HGTV is switching things up. The network has gone through some significant changes in the recent months. After a fifth and final season, audiences will say goodbye to Chip and Joanna Gaines’ fan favorite Fixer Upper. Another beloved series Flip or Flop is expanding across the country and will introduce several new spin-offs including the much-anticipated, Flip or Flop Ft. Worth. Starring military veterans Ashley and Andy Williams, this married couple are making a mark on the real estate and design industries while giving back to their community and fellow military veterans.

The couple met overseas while stationed in Iraq – Ashley was in the Army while Andy served in the Marines. Once they returned stateside, real estate became a way for them reimmerse themselves back into everyday life. Since Flip or Flop Ft. Worth was announced, life has been a whirlwind for the couple. “Real estate became important to us because, with us being veterans and transitioning out of the military — there’s not really a lot of options [careerwise] where you can control your own destiny,” Ashley explained to me as we chatted on the phone a few weeks ago. “We’ve had a lot of experience in the military. We’ve had a lot of job experience, but that doesn’t always translate into a civilian job. A lot of times, veterans, including us, were getting docked for time spent in the military because no one understood what we did. A lot of things require certificates and training and a lot of times we don’t get the paperwork behind it, so it’s like it never happened. Real estate was a way that we could control our destiny.”

The Williams’ business Recon Realty, Inc., was born out of the climate of the country and the couple’s desire to invest in their community. “America was going through its own problems between 2005 and 2008,” Andy explained. “The entire country was at war, but also economically, the country was rebounding. Initially, I invested in my hometown. We were renting houses because there’s a lot of people that needed rental homes, and a lot of homes were dilapidated and needed to be repaired. However, there’s no real financing in that market accessible to those people in that community. So, we decided to invest in our town. One house turned into ten, ten houses turned into a ten-unit, a ten-unit turned into a twenty-five house rental portfolio, and we just built it from there. Then we started rehabbing. When we started the rehab to resale, the war was coming to an end, and a lot of veterans were coming back home. We were like, ‘Hey, you know what, we can make a little bit of money, make a little bit of an impact, and solve a little bit of a problem.’ We started our real estate company with the mission of revitalizing communities and bringing our fellow veteran along.”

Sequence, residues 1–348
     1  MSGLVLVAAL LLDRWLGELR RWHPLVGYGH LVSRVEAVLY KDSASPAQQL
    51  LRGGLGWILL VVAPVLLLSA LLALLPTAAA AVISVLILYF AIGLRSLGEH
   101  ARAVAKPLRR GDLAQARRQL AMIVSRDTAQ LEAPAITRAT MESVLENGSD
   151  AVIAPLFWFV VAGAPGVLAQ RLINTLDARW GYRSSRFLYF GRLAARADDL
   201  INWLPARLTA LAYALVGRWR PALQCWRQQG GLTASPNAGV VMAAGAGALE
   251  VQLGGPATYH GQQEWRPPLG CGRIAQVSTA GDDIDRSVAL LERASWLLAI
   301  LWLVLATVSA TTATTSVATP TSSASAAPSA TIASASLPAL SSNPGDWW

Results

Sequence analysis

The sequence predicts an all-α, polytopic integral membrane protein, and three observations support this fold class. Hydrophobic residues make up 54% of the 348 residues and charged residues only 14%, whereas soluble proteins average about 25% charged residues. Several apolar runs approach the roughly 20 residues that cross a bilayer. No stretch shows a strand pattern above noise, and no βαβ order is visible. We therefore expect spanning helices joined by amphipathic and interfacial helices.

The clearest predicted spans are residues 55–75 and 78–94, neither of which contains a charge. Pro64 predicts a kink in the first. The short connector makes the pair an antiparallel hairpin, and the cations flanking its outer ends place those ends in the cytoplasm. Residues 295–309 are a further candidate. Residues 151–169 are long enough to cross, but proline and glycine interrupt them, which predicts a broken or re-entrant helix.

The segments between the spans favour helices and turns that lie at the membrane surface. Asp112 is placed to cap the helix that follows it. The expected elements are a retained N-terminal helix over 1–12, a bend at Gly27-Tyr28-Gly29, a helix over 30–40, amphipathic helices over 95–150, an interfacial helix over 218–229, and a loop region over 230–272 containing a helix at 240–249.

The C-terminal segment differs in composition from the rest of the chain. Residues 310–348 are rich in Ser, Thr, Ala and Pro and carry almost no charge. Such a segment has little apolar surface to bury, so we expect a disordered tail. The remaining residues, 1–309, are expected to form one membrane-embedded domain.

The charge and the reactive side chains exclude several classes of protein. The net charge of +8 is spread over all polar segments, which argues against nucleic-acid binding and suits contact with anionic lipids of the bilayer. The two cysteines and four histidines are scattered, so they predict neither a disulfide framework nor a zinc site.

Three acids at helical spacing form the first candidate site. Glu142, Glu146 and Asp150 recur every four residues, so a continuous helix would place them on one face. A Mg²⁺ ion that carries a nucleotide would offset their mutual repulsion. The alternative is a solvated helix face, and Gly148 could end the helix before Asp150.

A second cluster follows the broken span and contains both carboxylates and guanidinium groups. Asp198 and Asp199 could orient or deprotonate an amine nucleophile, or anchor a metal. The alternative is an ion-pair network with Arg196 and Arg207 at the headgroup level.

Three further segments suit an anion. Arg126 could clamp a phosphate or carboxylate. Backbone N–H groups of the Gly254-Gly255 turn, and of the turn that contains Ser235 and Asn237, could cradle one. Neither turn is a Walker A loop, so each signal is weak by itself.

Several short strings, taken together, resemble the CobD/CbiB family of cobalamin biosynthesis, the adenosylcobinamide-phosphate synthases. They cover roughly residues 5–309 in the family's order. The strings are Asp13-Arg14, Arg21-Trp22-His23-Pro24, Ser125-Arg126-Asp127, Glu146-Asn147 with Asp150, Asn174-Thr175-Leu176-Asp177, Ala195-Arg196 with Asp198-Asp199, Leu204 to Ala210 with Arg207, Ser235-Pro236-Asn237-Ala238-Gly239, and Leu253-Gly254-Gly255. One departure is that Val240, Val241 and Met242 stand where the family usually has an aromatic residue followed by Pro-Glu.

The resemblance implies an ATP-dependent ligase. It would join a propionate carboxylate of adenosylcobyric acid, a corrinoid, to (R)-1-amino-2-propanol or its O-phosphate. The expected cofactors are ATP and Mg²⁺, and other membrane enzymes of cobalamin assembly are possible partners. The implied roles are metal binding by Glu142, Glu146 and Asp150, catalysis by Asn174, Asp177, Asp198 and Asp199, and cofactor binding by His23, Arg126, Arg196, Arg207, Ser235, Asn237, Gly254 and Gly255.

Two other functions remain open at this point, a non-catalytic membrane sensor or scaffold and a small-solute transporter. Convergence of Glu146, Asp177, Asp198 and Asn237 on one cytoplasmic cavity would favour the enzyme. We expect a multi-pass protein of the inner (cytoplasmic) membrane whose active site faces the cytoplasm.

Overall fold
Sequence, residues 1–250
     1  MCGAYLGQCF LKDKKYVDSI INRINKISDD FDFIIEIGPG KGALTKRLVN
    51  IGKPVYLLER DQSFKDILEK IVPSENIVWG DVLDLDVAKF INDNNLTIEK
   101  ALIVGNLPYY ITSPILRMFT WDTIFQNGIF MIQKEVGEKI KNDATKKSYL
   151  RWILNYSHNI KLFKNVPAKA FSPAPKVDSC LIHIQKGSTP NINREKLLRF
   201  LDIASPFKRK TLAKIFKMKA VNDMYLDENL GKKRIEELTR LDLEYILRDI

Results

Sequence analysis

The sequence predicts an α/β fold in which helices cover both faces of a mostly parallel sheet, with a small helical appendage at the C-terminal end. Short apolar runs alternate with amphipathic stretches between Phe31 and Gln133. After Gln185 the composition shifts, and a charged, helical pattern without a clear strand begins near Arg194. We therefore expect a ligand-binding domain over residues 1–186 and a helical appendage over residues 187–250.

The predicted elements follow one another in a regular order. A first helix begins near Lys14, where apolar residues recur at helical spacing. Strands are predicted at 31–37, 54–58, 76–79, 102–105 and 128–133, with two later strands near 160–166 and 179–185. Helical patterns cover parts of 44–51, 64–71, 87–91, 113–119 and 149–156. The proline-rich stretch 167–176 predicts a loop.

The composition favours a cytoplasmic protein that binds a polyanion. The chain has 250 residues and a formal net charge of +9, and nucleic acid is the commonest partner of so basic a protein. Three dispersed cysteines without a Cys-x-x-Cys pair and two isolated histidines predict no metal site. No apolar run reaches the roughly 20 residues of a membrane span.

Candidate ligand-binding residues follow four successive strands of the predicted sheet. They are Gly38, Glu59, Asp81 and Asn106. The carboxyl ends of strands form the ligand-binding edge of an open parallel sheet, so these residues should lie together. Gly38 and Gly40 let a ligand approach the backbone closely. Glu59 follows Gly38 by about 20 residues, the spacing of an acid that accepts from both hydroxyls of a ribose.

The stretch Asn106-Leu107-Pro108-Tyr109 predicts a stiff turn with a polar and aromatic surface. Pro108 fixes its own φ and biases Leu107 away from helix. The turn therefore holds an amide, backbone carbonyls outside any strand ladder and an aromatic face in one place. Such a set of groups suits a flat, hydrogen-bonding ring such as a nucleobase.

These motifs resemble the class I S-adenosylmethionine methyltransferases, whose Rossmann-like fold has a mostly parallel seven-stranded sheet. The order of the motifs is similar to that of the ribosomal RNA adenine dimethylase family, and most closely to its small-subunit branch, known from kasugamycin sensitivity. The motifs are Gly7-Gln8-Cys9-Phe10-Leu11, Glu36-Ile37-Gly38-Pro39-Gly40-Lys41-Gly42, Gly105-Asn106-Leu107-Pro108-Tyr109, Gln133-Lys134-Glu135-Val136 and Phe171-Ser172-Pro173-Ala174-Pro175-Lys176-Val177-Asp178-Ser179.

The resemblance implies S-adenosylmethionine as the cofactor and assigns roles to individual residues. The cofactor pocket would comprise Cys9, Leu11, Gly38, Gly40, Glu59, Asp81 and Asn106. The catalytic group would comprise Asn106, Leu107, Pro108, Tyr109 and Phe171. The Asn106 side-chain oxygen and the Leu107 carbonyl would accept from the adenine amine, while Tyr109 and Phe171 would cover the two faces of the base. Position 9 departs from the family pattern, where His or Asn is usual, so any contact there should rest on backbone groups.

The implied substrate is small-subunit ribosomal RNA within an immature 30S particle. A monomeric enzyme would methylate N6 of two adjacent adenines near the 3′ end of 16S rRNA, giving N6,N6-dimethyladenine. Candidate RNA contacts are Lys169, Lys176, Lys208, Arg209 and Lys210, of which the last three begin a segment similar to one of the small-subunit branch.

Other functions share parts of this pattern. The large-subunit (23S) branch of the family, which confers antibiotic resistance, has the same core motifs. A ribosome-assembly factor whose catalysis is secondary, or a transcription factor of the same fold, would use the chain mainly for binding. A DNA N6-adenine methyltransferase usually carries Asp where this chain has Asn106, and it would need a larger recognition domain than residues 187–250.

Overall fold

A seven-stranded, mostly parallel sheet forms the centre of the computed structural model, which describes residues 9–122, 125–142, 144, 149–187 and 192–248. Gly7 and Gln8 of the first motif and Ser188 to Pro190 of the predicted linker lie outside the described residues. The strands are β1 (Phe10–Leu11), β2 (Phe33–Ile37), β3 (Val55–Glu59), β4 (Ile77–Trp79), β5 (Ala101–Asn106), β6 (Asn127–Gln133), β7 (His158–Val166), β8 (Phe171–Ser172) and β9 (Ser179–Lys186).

The Williams’ staunch commitment to their community in Fort Worth is as social entrepreneurs who have pledged to revivify neighborhoods while empowering veterans. “Ashley and I don’t just go buy a house because we want to make a quick buck,” Andy articulated. “It’s important for us to be profitable, but our mission is superseding. I write a business plan, I do the research, I read the economic development plans for the city, I look at what they’re doing and what they’re not doing, and a lot of times I share that sometimes cities aren’t up to speed. Ashley and I are able to go into neighborhoods before the economic boom happens and we’re able to hold properties. We’ve held rentals for as long as ten years, and we’re just now repurposing and reselling a rental portfolio after ten years. So it’s not that we’re just going in there to capitalize. It’s a lifestyle, it’s a business process, but the biggest thing is, we’re serving.”